Source: Department of Justice – U.S. Attorney’s Office, Northern District of Texas December 11, 2019
A 42-year-old Dallas man has been sentenced to 30 years in federal prison following a conviction for multiple terrorism charges, announced Assistant Attorney General for National Security John C. Demers and U.S. Attorney for the Northern District of Texas Erin Nealy Cox.
Following a three-and-a-half day trial, Said Azzam Mohamad Rahim, a 42-year-old United States citizen, was convicted in May of one count of conspiracy to provide material support to a designated foreign terrorist organization (FTO), one count of attempting to provide material support to an FTO, and six counts of making false statements involving international terrorism to federal authorities.
“Mr. Rahim embraced a warped ideology on social media, promoting violence against innocent people, including Americans,” said U.S. Attorney Erin Nealy Cox. “The Justice Department is committed to combatting terror at home and abroad.”
“Rahim spread the violent message of ISIS online,” said Assistant Attorney General for National Security John Demers. “He also attempted to travel to support ISIS and then lied to FBI when questioned about his activities. This sentence is the consequence of his criminal activities and a clear message to others who would consider following in his footsteps: don’t.”
According to evidence presented at trial, Mr. Rahim moderated a social media channel dedicated to recruiting fighters for the Islamic State of Iraq and al-Sham, or ISIS, a State Department designated terror group.
Mr. Rahim used Zello, a push-to-talk direct messaging application, to promote violence in ISIS’s name, prosecutors said.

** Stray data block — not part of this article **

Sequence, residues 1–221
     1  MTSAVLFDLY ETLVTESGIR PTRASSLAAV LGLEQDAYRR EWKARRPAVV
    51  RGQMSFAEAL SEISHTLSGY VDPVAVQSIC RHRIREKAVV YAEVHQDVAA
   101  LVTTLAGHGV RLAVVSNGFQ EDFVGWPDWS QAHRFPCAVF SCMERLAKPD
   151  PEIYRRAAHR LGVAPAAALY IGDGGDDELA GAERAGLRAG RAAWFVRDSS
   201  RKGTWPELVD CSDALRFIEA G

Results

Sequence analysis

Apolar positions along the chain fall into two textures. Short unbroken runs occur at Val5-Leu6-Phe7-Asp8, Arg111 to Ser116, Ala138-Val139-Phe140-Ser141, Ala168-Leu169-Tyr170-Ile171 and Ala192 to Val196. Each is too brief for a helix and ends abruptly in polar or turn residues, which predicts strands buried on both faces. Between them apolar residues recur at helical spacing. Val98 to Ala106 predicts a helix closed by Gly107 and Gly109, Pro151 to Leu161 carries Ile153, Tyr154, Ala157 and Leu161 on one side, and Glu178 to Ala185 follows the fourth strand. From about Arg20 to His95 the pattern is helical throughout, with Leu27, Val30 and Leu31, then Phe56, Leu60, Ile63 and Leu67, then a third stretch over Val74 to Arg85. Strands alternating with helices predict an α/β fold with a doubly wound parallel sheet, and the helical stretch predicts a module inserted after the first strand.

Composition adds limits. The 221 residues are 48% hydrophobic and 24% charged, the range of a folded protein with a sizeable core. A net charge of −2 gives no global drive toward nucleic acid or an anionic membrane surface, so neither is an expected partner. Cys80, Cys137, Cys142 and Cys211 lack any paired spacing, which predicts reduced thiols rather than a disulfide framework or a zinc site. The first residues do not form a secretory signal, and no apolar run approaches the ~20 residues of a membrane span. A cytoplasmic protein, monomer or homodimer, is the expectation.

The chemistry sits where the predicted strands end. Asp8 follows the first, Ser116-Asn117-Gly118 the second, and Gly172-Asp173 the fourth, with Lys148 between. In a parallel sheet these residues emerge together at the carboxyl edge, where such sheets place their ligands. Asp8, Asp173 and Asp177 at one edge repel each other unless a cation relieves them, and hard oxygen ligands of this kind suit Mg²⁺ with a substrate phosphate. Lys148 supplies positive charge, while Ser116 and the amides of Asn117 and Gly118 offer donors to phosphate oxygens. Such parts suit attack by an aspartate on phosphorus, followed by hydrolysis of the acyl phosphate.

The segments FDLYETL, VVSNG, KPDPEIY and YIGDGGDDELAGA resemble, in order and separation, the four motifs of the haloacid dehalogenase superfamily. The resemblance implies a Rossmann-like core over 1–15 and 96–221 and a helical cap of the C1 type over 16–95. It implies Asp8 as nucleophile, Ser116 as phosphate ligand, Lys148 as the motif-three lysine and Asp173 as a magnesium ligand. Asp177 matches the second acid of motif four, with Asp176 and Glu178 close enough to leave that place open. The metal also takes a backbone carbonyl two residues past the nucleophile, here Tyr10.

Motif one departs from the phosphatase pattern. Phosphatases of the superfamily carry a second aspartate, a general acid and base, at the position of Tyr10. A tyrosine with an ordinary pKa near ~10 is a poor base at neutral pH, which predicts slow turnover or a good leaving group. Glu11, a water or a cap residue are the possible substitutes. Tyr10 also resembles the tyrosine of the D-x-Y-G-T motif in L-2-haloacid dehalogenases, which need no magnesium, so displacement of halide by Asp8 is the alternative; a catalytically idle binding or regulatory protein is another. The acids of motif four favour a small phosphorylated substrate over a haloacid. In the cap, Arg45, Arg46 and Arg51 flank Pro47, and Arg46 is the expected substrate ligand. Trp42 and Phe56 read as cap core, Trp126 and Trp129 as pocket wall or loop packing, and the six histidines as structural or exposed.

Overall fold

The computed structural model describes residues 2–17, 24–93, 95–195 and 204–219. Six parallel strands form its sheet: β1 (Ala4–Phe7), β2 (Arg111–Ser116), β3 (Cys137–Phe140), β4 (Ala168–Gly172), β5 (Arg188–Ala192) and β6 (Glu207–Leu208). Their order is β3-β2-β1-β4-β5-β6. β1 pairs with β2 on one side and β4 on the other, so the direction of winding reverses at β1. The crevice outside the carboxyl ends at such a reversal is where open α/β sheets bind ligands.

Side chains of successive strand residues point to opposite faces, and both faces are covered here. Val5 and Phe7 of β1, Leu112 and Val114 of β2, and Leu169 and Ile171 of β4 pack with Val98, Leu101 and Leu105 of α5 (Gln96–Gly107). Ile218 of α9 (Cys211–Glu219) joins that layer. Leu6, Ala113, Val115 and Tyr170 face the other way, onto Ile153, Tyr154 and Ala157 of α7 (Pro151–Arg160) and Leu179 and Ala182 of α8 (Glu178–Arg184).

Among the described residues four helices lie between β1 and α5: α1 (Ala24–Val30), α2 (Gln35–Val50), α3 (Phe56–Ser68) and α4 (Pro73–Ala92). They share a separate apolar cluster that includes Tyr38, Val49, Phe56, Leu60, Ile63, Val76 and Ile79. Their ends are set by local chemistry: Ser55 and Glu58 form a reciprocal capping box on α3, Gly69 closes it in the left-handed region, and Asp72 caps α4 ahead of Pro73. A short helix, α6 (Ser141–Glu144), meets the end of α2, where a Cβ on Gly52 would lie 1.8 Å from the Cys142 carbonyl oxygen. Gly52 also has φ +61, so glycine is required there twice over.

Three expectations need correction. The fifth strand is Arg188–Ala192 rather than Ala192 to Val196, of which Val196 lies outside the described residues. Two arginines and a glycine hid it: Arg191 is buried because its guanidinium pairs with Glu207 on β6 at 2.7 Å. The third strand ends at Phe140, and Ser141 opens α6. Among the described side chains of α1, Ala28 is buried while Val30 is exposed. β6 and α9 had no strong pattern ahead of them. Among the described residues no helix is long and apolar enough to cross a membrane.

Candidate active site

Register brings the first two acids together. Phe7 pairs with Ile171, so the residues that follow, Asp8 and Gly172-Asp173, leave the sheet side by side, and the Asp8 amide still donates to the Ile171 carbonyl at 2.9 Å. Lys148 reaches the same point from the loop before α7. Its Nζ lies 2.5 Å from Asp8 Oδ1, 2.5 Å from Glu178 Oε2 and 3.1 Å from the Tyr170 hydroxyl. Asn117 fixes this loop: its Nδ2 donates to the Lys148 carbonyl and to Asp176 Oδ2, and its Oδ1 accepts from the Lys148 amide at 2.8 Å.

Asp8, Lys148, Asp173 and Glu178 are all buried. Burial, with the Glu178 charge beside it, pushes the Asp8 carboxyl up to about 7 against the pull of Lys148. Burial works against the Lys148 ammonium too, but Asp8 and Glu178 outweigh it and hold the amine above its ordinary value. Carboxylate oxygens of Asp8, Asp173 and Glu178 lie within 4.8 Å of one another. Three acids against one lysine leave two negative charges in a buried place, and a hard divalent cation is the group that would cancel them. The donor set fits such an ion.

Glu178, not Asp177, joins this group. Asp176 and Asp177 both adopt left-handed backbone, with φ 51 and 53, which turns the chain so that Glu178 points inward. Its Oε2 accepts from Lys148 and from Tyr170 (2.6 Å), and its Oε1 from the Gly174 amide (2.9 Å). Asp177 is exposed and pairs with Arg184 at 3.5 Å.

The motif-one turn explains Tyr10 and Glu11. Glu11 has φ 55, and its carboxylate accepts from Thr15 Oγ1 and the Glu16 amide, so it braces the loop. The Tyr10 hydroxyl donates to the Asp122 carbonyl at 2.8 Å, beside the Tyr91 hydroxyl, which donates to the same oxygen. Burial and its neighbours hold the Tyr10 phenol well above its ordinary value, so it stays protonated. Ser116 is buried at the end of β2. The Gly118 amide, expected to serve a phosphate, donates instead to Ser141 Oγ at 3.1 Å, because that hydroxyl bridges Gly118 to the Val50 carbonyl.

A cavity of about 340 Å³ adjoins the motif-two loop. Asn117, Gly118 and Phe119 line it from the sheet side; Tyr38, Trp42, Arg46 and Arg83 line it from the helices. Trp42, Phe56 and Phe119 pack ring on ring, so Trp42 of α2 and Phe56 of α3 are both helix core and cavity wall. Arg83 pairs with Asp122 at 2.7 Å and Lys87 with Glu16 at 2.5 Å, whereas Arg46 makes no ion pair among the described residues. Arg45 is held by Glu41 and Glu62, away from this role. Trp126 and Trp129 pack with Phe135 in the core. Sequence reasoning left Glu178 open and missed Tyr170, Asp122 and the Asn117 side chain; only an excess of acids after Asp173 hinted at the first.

Records showed he spent years on Zello’s “State of the Islamic Caliphate” channel, where he touted acts of terror under various monikers:
“Kill and do not consult anyone,” he said in July 2016. “Kill by any means, smash his head on the wall, spit in his face, burn — I mean anything, anything – poison, anything.”
“Brothers! What are you waiting for?” he said a month later. “Mobilize and perform jihad for the cause of Allah…. Some of the brothers mobilized from this channel, they were amongst us.”
He even praised several terrorist attacks after the fact.
“I was happy for this act,” Rahim said after a truck barreled into a crowd of people in Nice, France, killing 86. “Those dogs.”
Mr. Rahim was arrested on March 5, 2017 at the Dallas Fort Worth International Airport, where he was attempting to board a flight to Amman, Jordan. Asked by agents if he had ever supported ISIS, advocated travel for the purposes of jihad, promoted violence on ISIS’s behalf, or encouraged anyone to kill infidels at the urging of ISIS spokesman Abu Mohammed al-Adnan, Mr. Rahim said “no.”
The Federal Bureau of Investigation’s Dallas Field Office, the U.S. Department of State – Diplomatic Security Services, and the Joint Terrorism Task Force conducted the investigation. Assistant United States Attorney Errin Martin and Trial Attorney Taryn Meeks of the National Security Division’s Counterterrorism Section prosecuted the case. U.S. District Judge Jane Boyle presided over the trial.